Oriental Orthodox church news


Fragments of Egyptian papyrus found in Ireland

On 6 September Ireland’s National Museum in Dublin announced the discovery of fragments of Egyptian papyrus in the leather cover of an ancient book of psalms. Although there have long been traditions about a connection between the Coptic Church and Ireland, supported by literary references, this could be a more tangible support for those traditions.

The manuscript known as the Faddan More Psalter was unearthed four years ago, in July 2006, by a man using a mechanical digger to harvest peat near Birr in County Tipperary, but analysis has only just been completed. It was the first manuscript to be found in a water-logged state in a bog and its discovery posed unprecedented difficulties for the Conservation Department of the Museum. It was only as the restoration was completed this summer that the fragments of papyrus were discovered in the lining of the leather binding, which is believed to be of Egyptian origin and date from the eighth century. About fifteen per cent of the illuminated Latin Psalter survived, preserved by the chemicals in the peat.    However, at what stage the manuscript, the papyrus and the binding come together is uncertain.

Raghnall O Floinn, head of collections at the museum, explained “the cover could have had several lives before it ended up basically as a folder for the manuscript in the bog. It could have travelled from a library somewhere in Egypt to the Holy Land or to Constantinople or Rome and then to Ireland” but he thought that it might prove possible that the imperfections in the hide might provide a means to confirm that the leather is Egyptian.

The Fadden More Psalter will go on display in the National Museum of Ireland – Archaeology, Kildare Street in June 2011.

Oldest illuminated Christian manuscript

As a result of modern carbon dating, an ancient illuminated manuscript, long treasured by the Ethiopian Orthodox Church, has been identified as the oldest illustrated Christian manuscript.

Originally believed to date from the eleventh century, the Garima Gospels have now been dated between 330-650 AD and could justify the belief that they were actually written by Abba Garima, who was one of the Nine Saints from the Byzantine Empire who re-evangelised Ethiopia after the Council of Chalcedon and traditionally arrived in 494.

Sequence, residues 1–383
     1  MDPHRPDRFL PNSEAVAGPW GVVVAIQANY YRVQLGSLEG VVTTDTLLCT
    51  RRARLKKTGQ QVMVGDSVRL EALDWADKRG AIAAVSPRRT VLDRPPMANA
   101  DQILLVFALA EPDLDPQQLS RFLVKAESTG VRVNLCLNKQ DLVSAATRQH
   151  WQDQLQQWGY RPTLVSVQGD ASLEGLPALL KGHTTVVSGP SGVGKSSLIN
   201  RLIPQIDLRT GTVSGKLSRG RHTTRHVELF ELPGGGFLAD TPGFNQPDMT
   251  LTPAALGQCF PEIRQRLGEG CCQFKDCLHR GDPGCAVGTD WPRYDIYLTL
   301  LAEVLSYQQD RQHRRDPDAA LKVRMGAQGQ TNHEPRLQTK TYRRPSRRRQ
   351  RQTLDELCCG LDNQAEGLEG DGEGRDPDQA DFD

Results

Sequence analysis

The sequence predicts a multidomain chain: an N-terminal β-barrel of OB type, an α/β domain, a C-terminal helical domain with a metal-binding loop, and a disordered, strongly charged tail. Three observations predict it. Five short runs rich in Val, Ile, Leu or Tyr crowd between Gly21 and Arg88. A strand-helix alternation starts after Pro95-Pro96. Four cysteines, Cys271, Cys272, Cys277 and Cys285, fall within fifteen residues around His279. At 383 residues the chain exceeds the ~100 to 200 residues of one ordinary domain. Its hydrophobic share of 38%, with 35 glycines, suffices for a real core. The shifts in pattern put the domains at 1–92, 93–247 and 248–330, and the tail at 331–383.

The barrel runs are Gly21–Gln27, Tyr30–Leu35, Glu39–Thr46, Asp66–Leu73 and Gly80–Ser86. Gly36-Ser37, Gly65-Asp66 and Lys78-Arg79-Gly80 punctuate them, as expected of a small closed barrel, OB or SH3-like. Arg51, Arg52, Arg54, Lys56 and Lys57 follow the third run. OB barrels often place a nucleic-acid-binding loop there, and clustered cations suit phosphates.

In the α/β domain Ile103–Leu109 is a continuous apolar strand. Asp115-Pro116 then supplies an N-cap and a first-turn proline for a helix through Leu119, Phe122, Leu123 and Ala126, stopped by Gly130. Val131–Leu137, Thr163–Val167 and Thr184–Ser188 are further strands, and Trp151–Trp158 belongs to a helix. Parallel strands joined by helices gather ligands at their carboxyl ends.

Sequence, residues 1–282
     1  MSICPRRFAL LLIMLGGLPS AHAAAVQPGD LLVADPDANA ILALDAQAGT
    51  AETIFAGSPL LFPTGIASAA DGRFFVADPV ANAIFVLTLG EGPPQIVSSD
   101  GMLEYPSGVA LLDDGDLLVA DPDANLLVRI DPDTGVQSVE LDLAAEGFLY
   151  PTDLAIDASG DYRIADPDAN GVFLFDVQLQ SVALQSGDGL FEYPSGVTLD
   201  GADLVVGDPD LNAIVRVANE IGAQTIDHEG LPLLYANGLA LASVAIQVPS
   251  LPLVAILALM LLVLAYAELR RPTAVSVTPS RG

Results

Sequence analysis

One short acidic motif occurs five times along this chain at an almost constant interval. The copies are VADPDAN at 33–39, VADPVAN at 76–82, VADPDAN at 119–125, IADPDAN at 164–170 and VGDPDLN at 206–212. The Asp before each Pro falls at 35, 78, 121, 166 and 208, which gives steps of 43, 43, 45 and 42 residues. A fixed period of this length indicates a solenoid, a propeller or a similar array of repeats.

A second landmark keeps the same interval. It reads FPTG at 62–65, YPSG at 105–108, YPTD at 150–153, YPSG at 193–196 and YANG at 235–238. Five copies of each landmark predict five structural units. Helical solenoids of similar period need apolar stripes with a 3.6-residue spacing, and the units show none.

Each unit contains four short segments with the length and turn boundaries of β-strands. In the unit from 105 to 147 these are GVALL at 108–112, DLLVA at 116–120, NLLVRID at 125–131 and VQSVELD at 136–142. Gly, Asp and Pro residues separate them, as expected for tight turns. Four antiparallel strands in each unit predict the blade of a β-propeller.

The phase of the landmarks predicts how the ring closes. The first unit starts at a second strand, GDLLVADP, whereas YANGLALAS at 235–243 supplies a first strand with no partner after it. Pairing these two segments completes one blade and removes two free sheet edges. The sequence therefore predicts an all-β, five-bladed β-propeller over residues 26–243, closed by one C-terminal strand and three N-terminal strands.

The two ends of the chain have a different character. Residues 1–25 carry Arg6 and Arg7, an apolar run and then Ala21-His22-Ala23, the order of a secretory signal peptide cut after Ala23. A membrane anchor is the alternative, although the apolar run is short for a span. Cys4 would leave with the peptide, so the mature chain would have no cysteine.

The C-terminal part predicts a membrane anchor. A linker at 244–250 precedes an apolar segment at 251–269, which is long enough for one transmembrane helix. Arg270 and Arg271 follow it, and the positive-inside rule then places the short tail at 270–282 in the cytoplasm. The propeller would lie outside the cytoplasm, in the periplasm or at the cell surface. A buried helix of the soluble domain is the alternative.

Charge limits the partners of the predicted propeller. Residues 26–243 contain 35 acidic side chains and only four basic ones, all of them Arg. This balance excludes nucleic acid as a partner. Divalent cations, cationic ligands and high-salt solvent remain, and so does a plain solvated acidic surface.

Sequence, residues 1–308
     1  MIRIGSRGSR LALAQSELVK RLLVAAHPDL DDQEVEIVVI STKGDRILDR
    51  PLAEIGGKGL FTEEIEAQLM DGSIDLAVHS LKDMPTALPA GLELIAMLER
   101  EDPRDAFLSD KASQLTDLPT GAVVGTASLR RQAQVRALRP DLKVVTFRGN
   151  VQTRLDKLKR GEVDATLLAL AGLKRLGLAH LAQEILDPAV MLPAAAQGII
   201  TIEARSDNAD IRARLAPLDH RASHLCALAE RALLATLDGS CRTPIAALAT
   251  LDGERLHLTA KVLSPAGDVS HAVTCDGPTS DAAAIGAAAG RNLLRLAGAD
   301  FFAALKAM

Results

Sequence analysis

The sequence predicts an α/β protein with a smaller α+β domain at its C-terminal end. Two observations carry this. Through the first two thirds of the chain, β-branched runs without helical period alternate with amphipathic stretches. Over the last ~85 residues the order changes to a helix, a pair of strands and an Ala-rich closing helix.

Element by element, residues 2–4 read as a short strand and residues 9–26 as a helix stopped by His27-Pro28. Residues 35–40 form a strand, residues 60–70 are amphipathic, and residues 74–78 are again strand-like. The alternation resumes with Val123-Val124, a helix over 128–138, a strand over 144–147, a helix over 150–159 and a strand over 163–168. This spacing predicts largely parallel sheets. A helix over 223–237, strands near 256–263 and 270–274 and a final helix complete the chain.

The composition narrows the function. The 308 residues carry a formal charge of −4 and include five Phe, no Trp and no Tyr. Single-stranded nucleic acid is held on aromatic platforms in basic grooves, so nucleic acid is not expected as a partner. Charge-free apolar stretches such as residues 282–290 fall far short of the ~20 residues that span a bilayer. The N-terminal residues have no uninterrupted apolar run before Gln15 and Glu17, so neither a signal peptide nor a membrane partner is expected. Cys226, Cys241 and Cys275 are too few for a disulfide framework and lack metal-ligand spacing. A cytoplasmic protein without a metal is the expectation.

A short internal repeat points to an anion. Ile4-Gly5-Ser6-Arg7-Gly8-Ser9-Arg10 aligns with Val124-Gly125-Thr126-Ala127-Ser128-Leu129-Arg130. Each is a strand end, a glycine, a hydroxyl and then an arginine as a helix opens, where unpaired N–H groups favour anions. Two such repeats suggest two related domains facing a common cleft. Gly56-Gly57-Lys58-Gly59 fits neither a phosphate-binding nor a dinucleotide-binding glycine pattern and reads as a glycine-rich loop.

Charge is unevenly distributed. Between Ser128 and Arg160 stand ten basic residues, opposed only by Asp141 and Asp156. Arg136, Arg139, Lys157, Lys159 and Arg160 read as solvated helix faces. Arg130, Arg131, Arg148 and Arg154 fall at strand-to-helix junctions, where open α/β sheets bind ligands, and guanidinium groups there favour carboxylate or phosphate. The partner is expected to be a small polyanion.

Preserved in the Abba Garima Monastery in the remote province of Tigray, they somehow survived the Muslim invasion of the 1530s, the Italian invasion of 1896 and a disastrous fire which destroyed the monastery’s main church in the 1930s.

An excellent and informative article by Martin Bailey appeared in The Arts Newspaper for June 2010, which can be read online: http://www.ethiopianheritagefund.org/artsNewspaper.html

Eritrean government continues pressure on the Church

In a special report published in the Asmarino Independent in March 2010, the human rights charity, “In Chains for Christ” revealed that since the Eritrean Government revoked the exemption of all Orthodox clergy (priests, deacons and monks) from military service and ordered their conscription in July 2005, over 1400 known Orthodox priests and deacons have been forced into the military. The research unit of ICFC, in cooperation with persons who are well placed to have access to classified information, has undertaken a study to document efforts by the government to destroy the Eritrean Orthodox Church. The following is a preliminary report on an ongoing and thorough investigation.

In 1997 a letter was circulated within the office of the Ministry of Local Government – at the time headed by Mr. Mahmud Ahmed Sherifo who has been in prison since September 2001 and presumed dead. The letter contained a decision for the exemption of all clerics from serving in the military.  By the Beginning of 1999, all clergy were issued identification cards exempting them from the country’s obligatory military service.

But by 2002, the government’s attitude towards religion in general took a decisive turn for the worst. Just prior to the proclamation outlawing many evangelical churches and other sects on May 17, 2002, the government began the process of taking over (nationalizing) the country’s oldest and most influential institution – the Orthodox Church. The singular event that signalled this ominous development was the installation by the government of a political appointee, Mr. Yoftahe Dimetros, as the General Administrator of the Church.  With this act, the government essentially put the Synod of the Church under its full control. Yoftahe became the one person responsible for the implementation of the government’s total control of the church.